The chef makes sure to include palate cleansers as a rest from the tempura, and the meal takes different turns depending on the season. In warmer months, there may be an additional sashimi dish, but in winter you may find an individual hot pot for lightly blanching fugu puffer fish and fresh wakame seaweed shabu-shabu style.
Whatever the season, the chef finishes the meal with a tempura fritter. While these fritters are most often seen topping a generous bowl of rice, Chef Uchitsu prefers to serve it with thin noodles called nyumen. He loves the filling mouthfuls of noodles with the gentle flavors of the dashi soup, and thinks that a tiny dab of yuzu-kosho (yuzu zest and green chili pepper paste) brings it all together into the perfect ending dish.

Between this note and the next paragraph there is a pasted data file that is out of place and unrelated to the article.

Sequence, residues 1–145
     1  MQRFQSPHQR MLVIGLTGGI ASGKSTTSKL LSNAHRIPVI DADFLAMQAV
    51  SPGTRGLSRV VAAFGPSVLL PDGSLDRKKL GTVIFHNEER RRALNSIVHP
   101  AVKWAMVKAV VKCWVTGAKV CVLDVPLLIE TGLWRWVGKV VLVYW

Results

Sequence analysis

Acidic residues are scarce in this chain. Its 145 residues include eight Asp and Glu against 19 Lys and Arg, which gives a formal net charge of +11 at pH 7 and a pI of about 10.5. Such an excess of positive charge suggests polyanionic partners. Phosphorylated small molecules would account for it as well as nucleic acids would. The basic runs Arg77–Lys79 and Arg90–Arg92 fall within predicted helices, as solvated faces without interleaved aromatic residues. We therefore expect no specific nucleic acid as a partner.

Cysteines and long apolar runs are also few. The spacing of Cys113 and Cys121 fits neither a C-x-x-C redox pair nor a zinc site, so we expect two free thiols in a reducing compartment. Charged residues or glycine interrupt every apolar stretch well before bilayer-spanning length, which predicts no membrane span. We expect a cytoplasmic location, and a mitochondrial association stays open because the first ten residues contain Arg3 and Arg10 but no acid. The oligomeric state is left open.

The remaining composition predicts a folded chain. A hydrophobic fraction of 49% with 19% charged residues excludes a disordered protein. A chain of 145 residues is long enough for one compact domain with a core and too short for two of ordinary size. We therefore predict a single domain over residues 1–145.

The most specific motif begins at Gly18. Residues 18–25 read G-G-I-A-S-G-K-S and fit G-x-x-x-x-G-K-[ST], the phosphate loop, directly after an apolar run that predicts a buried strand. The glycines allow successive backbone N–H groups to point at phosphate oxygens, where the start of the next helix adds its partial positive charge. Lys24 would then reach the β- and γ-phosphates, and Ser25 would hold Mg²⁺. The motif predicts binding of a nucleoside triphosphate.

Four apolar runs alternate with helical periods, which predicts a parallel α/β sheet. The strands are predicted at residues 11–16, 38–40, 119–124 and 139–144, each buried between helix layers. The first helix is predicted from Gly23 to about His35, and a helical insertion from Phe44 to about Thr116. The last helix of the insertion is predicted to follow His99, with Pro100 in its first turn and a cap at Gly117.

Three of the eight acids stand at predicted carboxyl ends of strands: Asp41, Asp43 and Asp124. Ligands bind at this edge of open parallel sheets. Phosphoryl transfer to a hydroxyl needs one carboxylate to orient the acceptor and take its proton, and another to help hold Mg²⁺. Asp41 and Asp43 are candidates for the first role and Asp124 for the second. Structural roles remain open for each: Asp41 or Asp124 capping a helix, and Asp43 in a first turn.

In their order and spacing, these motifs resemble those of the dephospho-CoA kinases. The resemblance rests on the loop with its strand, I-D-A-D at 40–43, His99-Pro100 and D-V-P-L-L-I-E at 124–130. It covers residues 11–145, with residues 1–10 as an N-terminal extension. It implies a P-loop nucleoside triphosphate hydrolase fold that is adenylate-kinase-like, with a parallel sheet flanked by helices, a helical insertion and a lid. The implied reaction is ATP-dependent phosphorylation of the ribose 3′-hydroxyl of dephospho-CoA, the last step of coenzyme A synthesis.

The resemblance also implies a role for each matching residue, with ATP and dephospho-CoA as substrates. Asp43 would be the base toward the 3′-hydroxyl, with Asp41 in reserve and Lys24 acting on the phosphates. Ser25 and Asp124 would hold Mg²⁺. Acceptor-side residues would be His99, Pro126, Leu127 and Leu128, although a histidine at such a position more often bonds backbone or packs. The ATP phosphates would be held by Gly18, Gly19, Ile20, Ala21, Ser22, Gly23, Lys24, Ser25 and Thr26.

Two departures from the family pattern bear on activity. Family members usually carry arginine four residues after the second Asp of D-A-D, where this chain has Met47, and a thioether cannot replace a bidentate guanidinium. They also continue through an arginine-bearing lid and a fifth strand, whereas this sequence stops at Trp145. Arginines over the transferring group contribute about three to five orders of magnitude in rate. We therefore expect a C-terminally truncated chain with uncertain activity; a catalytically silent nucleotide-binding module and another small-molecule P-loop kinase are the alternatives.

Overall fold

Drinks can be ordered from a selection of beer, nihonshu, and shochu, as well as still and sparkling wines. Or you can ask the chef to choose for you. If you enjoy nihonshu, you might like to try a variety made by the chef himself who travels to Otaru, Hokkaido to prepare the brew – a Junmai Daiginjo raw sake that he serves cold. It’s refreshingly sweet, with umami and a lovely aroma, but be warned, the alcohol content is 18%!
Chef Uchitsu speaks directly with suppliers at Tsukiji every day, ordering seafood, vegetables and mushrooms from all over Japan, ensuring the pick of the harvest each season. Sending his apprentice to collect the goods at the market is just one of the ways Uchitsu is introducing his staff to the world of tempura, getting them accustomed to suppliers, and exposing them to the wealth of fresh ingredients at your fingertips when you are a chef in Tokyo.